The expansion of nuclear power, which generates about 20 percent of U.S. electricity, has been slowed by high startup costs, a protracted licensing process and competition from cheap natural gas and renewables. Supporters of the bill argue that a clear regulatory process would encourage investment in the technology and create skilled jobs.
Timing for full Senate consideration of the bill remains uncertain since Senators have been preoccupied with cabinet nominations.
House leaders canceled a vote Thursday on the American Health Care Act (H.R. 1628), the Republican bill to replace the Affordable Care Act aka Obamacare. The decision represents a major setback to President Donald Trump and House Speaker Paul Ryan’s (R-WI) first substantial legislative effort under a GOP-controlled Congress.
The vote was delayed due to the current divide between House GOP members and calls into question whether Republicans will be able to fulfill their seven-year promise to repeal the ACA (PL 111-148, PL 111-152).
The bill was updated from its original version to try and meet an ambitious set of policy demands from the conservative House Freedom Caucus. Trump, Ryan, and other House leaders spent Thursday unsuccessfully scrambling to negotiate a deal to persuade moderate lawmakers to accept AHCA.
The new Congressional Budget Office estimates show how several key policy tweaks affected the impact of the package and overall, the package would reduce federal deficits by $150 billion by 2026, roughly $186 billion less than the original language.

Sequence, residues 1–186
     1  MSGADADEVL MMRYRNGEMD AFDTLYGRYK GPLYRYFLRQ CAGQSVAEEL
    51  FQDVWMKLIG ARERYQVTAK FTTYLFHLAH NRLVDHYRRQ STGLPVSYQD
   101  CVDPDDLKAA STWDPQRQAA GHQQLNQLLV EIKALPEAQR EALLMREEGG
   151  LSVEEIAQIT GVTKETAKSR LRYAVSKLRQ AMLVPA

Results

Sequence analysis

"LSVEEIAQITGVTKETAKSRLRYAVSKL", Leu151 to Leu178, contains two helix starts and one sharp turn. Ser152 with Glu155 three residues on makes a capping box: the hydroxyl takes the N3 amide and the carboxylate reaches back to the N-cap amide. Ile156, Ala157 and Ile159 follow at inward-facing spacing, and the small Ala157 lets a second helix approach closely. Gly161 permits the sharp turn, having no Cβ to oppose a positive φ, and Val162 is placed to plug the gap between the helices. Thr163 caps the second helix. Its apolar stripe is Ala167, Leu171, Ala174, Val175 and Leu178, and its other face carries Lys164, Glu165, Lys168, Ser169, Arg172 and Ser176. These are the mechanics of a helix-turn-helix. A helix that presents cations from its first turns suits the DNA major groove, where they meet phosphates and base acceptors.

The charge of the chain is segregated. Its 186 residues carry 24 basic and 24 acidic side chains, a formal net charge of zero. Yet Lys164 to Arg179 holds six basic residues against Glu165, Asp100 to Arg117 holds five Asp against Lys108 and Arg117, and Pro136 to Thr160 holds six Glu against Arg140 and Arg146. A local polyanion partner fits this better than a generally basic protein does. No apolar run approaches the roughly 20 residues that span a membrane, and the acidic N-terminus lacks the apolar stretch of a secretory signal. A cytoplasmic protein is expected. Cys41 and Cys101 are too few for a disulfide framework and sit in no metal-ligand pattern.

The House is now scheduled to vote on the bill later today, and Speaker Ryan is reportedly going to the White House to update the president on the prospects for the bill. Currently, the likelihood of the bill passing seems doubtful.
Next week in Congress, if and when GOP health care legislation passes the House, it could face potential parliamentary trouble in the Senate.
Senate Democrats are already scouring the legislation for possible violations of a procedural rule that could only be overridden with 60 votes — a threshold Republicans lack. Any provision of the health care plan that doesn’t directly relate to spending or revenue could violate the Byrd rule, which forbids extraneous provisions from any bill that is being considered on a fast track.
Whether any of the legislation in fact violates the Byrd rule won’t be clear until the measure comes before the Senate for debate. Senate Minority Leader Charles Schumer (D-NY) said provisions that give states the option to impose a work requirement on Medicaid recipients and bar the use of tax credits for insurance policies that cover abortion may violate the Byrd rule. And a provision that was under discussion Thursday by House leaders to lift mandates that insurance policies cover certain services would also appear to be open to a Byrd rule challenge if it becomes part of the legislation.
In addition, Senate Republican aides said the Senate would be unlikely to take up any reconciliation bill passed by the House to repeal the health care law until May because of the need to wait for Congressional Budget Office estimates, plans to bring the nomination of Supreme Court pick Neil Gorsuch to the floor before the Easter break and the need to extend a FY17 continuing resolution that expires April 28.